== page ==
And in Starr, Republicans say they have a viable match.

“We’ve always thought Jeff Woodburn had his weaknesses, and now people are going to be aware that he’s not the person he’s claiming to be and he certainly lacks the clarity and the integrity to be in office,” party spokesman Joe Sweeney said in an interview.

Starr says he wasn’t seeking the limelight; he was plucked out by a party looking to broaden their electoral front. A day after the filing deadline passed, a state Republican official asked if he would run, Starr recalled. Honored by the suggestion, he quickly agreed.

But despite Starr’s late start, Sweeney insisted he has been running a full campaign since he declared. And he says the seat is winnable, and was even before Woodburn’s charges. Many towns in the district went for Trump in the 2016 election, and state senate results aside, local Republicans have also fared well there, he said.

“It’s one of the seats that when it comes down to a partisan basis, it should be a Republican seat,” Sweeney said.

Still, Woodburn’s regional bona fides run deep, whether via his impassioned tributes to his constituents on the Senate floor or his regular tours of local businesses. Those personal connections have propelled him to double-digit victories in all three of his recent senate elections. Filling that void, for any candidate, is a tall order.

Sweeney acknowledged that challenge, speaking to Woodburn’s reputation as a “fighter” for the northern-most residents of the state. But he said the past week’s events change everything.

“With the North Country having such a strong regionalism of their own, he’s appeared to cross party lines … but I think that illusion’s going to fade away this election,” he said.

So far, Starr has been pulling together his campaign apparatus gradually. A Facebook page dedicated to his campaign made its first posts earlier this month. And the initial batch of campaign yard signs and issue flyers has only just begun to arrive.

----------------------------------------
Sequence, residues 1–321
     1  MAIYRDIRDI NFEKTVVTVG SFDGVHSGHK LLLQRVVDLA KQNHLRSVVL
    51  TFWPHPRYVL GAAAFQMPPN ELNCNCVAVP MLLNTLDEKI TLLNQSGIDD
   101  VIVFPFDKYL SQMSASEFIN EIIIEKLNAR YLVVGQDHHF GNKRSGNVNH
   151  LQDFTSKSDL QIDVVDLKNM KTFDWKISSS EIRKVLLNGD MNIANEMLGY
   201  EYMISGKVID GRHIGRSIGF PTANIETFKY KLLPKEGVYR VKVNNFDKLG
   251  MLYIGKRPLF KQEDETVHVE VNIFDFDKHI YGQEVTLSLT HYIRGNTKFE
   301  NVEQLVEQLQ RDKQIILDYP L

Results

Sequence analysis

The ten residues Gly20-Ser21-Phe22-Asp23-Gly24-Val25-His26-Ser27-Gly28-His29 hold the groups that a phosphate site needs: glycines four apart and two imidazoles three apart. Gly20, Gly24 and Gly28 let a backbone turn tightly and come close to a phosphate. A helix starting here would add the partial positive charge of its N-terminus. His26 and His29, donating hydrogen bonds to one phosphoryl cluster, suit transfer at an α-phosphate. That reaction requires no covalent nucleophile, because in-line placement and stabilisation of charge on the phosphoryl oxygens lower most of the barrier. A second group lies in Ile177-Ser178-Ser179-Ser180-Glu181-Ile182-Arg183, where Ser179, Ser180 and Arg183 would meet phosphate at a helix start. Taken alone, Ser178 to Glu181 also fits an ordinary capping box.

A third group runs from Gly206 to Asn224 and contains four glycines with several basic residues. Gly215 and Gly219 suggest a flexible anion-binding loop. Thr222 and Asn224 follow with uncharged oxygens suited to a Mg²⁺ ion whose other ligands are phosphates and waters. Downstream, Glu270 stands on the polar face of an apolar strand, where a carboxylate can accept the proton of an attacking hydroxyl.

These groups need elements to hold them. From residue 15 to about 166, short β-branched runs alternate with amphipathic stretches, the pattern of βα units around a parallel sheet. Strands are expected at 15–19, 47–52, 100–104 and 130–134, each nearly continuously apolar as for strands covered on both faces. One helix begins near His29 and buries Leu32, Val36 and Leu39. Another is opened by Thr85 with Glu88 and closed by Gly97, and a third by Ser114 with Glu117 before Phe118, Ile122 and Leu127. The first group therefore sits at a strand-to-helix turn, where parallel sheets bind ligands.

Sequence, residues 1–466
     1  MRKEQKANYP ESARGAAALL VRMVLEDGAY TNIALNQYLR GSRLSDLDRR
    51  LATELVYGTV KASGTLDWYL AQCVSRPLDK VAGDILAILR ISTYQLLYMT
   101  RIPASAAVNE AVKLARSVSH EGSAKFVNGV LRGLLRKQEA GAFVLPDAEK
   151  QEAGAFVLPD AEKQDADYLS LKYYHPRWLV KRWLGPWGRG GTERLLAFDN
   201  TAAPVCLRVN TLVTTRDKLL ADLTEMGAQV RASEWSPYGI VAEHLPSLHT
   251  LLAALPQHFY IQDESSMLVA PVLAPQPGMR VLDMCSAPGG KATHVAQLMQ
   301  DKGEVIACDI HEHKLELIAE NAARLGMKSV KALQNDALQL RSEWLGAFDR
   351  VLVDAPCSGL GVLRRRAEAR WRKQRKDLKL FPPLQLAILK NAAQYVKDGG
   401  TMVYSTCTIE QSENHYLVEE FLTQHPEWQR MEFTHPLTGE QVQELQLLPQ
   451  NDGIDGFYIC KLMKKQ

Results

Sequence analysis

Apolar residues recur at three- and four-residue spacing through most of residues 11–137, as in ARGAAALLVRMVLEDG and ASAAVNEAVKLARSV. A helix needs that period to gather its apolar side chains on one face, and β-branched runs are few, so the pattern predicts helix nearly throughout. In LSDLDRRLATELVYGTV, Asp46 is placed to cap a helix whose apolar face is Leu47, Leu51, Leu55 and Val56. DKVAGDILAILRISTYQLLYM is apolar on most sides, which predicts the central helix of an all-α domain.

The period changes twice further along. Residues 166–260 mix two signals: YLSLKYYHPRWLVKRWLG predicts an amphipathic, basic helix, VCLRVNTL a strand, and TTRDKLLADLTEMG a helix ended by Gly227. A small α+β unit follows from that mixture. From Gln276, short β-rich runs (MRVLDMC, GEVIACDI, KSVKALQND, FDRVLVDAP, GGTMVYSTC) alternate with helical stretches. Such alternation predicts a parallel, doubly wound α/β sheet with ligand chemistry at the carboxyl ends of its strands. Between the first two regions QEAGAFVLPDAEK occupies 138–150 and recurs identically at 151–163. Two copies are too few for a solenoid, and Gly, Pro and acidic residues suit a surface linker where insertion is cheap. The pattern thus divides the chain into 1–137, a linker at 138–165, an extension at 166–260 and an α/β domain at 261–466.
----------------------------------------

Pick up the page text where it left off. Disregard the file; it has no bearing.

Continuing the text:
Mostly, he said, he’s spending his campaign season touring the district and letting voters dictate his priorities. That includes traveling the gamut of stops – restaurants by day, select board meetings by night. If sent to Concord, Starr would tow the Republican party line, he said, but only if it doesn’t conflict with the needs of Coos and Grafton counties.

One test in that department: the fate of the biomass plants. Earlier this summer, Gov. Chris Sununu vetoed House Bill 365, which would have provided subsidies to New Hampshire’s biomass industry, much of which is based in the north. It was a move that Sununu and other Republicans said would help bring down costs for the New Hampshire ratepayer, but one that set off outcry from loggers supplying wood chips to the plants.

Starr, a Republican seeking to represent those loggers, is of mixed mind on the governor’s actions.

“I’m undecided on that,” he said, pointing to his conversations with voters. “I’m learning.”

With weeks left to go until the state primary and fewer than 100 days until the general election, Woodburn’s accusations – and his pending court case – is likely to loom large over the District 1 election. But Sweeney said the party was not looking to “overly politicize” the situation, and Starr said he would not be making reference during his own campaign.

“I’m not planning to talk to people about it,” he said. “I’m not going to do that. I feel like if I did it would just turn people off.

But, he added, “As an ordinary human being I’m going to feel sorry for him. He’s in a lot of trouble both politically and in his personal life.”

Instead, he said, he would be moving town to town, meeting to meeting, selling a fresh face at an uncertain time.

“I’m going to have to work like a beaver to have enough people learn my name,” he said. “But I’m going to do it.”

(Ethan DeWitt can be reached at edewitt@cmonitor.com, at 369-3307, or on Twitter at @edewittNH.)